Italian PM calls for easing of euro zone austerity
European Council president Van Rompuy suggests loosening of strict budgets
European Council president Herman Van Rompuy: called for the “full use” of the “built-in flexibility” embedded in the Stability and Growth Pact’s rules. Photograph: Rob Stothard/Getty Images
Italian prime minister Matteo Renzi has called on the European Union to consider more flexibility regarding fiscal targets ahead of this week’s two-day summit of EU leaders.
While the gathering of EU leaders is expected to be dominated by the election of the European Commission president, leaders are also expected to discuss economic and monetary policy amid calls from centre-left governments for a loosening of fiscal policy.
Speaking in the Italian parliament yesterday, Mr Renzi called for “a light easing of the euro zone’s restrictive economic policies”, adding that the EU must “quickly change the German-centric policies of austerity and blind rigour, and set off down the road of recovery and development”.
He said that while he was not advocating a relaxation of budget rules, existing rules needed to be flexibly applied in exchange for a three-year programme of structural reforms: “It is obvious that the trade-off between the reform process and the use of the margins for flexibility which already exist and which are available to member states is what has always happened.” Italy takes over the six-month rotating presidency of the EU next week and is expected to put budgetary and fiscal policy high on its agenda.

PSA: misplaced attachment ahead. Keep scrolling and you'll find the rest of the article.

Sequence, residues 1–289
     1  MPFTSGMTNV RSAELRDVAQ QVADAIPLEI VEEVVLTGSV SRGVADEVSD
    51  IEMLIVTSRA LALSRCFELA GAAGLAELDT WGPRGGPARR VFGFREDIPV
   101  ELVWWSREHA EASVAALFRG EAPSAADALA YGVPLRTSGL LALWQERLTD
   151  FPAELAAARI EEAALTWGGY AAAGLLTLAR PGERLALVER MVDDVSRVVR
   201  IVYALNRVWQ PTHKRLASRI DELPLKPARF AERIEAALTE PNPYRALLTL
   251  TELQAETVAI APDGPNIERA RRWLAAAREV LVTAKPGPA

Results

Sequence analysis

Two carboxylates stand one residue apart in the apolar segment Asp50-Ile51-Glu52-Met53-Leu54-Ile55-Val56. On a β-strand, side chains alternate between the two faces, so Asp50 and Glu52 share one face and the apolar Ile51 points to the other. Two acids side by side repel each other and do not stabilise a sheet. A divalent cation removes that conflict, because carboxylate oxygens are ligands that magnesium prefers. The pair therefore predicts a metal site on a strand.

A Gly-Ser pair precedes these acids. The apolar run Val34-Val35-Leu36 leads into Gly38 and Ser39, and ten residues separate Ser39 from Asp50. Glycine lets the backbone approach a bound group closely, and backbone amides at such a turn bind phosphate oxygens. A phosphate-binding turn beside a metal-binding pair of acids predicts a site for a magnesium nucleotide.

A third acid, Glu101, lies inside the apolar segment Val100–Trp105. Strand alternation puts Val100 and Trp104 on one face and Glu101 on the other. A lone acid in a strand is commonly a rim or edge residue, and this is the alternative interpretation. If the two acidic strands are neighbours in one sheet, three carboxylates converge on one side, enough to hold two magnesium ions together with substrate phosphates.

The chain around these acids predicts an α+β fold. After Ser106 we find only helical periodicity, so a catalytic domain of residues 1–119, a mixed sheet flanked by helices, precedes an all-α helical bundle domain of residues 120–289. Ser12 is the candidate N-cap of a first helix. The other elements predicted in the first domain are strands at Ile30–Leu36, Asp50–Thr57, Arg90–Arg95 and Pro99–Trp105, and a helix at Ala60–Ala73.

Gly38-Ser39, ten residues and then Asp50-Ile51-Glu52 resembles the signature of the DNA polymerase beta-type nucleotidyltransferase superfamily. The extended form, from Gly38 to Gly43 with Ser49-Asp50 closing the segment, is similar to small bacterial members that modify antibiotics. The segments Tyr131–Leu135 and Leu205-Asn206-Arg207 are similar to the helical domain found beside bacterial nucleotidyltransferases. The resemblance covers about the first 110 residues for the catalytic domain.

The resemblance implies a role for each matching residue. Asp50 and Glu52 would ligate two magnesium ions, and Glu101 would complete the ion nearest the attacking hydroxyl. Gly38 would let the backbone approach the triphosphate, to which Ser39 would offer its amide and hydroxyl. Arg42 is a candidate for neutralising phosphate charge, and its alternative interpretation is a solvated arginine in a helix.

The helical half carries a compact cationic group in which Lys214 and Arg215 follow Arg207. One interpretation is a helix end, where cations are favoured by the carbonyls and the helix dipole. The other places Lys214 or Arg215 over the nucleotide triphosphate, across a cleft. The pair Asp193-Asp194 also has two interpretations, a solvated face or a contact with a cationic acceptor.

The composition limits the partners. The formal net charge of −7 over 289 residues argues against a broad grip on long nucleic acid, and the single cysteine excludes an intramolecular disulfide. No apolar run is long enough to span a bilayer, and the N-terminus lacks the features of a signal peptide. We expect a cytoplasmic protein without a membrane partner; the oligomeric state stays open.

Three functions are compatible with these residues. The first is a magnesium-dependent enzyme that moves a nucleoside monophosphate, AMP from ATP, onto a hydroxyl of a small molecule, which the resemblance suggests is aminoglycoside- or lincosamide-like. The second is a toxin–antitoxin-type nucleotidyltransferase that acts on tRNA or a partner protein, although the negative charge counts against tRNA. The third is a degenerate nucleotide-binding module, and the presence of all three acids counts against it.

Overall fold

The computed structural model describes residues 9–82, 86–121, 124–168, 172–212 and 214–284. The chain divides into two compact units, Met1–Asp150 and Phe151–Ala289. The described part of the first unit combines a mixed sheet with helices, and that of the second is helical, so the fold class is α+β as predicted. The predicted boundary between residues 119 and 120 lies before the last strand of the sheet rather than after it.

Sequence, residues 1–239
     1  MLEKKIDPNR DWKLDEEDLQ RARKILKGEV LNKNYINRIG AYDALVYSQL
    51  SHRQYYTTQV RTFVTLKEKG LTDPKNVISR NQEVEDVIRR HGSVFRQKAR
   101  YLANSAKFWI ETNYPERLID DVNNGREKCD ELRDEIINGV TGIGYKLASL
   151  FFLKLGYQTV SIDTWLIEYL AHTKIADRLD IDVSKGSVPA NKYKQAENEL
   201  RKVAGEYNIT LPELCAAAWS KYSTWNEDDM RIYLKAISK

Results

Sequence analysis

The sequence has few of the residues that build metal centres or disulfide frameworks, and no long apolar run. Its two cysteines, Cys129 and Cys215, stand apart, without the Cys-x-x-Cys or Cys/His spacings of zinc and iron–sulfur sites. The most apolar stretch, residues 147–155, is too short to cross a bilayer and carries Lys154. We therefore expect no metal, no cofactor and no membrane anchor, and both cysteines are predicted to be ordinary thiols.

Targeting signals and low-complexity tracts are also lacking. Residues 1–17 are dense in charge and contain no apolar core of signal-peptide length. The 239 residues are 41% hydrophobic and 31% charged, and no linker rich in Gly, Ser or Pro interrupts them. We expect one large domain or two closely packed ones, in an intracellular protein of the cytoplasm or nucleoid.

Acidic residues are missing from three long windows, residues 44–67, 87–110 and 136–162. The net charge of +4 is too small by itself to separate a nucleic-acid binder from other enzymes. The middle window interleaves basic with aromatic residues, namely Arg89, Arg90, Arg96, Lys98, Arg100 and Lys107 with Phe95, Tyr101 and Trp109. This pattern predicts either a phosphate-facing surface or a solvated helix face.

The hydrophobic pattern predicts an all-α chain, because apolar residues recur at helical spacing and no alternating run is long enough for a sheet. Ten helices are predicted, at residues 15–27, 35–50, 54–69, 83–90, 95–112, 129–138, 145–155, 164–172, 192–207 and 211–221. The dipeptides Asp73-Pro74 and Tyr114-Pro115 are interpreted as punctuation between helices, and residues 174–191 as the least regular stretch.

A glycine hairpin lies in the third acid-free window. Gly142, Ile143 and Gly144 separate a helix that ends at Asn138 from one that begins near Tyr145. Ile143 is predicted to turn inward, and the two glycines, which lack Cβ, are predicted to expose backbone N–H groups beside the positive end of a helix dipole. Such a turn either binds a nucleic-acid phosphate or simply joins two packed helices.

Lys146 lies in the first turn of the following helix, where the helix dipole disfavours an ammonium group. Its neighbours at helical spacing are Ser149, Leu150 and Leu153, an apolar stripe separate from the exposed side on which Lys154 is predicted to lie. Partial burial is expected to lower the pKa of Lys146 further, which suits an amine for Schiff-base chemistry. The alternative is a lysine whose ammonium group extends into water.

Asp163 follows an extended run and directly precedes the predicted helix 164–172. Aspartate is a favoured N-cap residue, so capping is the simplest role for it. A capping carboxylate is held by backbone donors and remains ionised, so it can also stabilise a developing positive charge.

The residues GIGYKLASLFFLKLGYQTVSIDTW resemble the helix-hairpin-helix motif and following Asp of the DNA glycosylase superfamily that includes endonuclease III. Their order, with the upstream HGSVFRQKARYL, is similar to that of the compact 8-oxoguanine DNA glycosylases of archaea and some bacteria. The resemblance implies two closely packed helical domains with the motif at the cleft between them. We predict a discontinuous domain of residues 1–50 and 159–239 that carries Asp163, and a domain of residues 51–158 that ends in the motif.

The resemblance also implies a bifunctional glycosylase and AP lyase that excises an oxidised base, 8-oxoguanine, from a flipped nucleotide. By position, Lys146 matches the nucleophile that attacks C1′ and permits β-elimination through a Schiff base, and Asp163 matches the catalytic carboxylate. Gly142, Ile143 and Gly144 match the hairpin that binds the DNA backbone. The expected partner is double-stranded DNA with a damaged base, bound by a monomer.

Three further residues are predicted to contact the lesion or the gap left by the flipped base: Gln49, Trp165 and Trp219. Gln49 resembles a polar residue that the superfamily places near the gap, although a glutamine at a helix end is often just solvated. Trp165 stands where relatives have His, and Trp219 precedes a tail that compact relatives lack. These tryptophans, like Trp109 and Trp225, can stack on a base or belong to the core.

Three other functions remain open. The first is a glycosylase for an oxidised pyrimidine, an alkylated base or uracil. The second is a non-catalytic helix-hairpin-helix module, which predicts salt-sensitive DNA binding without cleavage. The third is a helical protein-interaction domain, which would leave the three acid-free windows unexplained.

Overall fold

Strict budgetsThe possibility that the EU may be open to a slight loosening of strict budget targets was also suggested by European Council president Herman Van Rompuy this week in a letter to EU leaders.
Setting out a proposed five-year strategy for the EU, the outgoing president said there was a need for “political renewal” in the union, pointing out that “public disenchantment with European politics has spread”.
He called for the “full use” of the “built-in flexibility” embedded in the Stability and Growth Pact’s rules, noting that important challenges remained for the European economy, including slow growth, high unemployment, public debt and a lack of competitiveness. Similarly, leaders from centre-left governments are understood to have agreed to support Jean-Claude Juncker’s candidature for European Commission president at a meeting in Paris last Saturday in exchange for a possible softening of strict fiscal targets.
Italy and France are among a number of countries struggling to meet debt and deficit targets set by the European Commission under the Stability and Growth Pact and new “six-pack” and “two-pack” rules.
At the “mini-summit” convened by French president François Hollande last weekend, it was also proposed that the Socialist and Democrats candidate to become the Commission president, Martin Schulz, should continue as president of the European Parliament. Mr Schulz had been touted as a possible candidate for German commissioner.
German rigidityLast week, German social democratic vice chancellor Sigmar Gabriel appeared to suggest that budget rules could be negotiable, a suggestion that was rejected by Chancellor Angela Merkel and finance minister Wolfgang Schäuble, who said last week in Luxembourg that flexibility was already contained within the Stability and Growth Pact.
Meanwhile, Britain will press ahead with plans to force a vote on the election of the European Commission president on Friday, amid growing expectation that Jean-Claude Juncker will be endorsed by most leaders at this week’s summit.
Mr Cameron has failed to muster the minority needed to block the appointment. British sources played down reports that London could seek to invoke the so-called “Luxembourg clause”, which allows member states to defer any EU decision that affects “a very important national interest” until a compromise is found.
Mr Cameron has not encouraged other EU leaders to put their names forward, said No 10 yesterday, rejecting speculation that he had encouraged Taoiseach Enda Kenny. “That has not been our approach at all,” Downing Street said, “Our approach from the start has been about principle and [the priorities the commission should follow over the next five years].”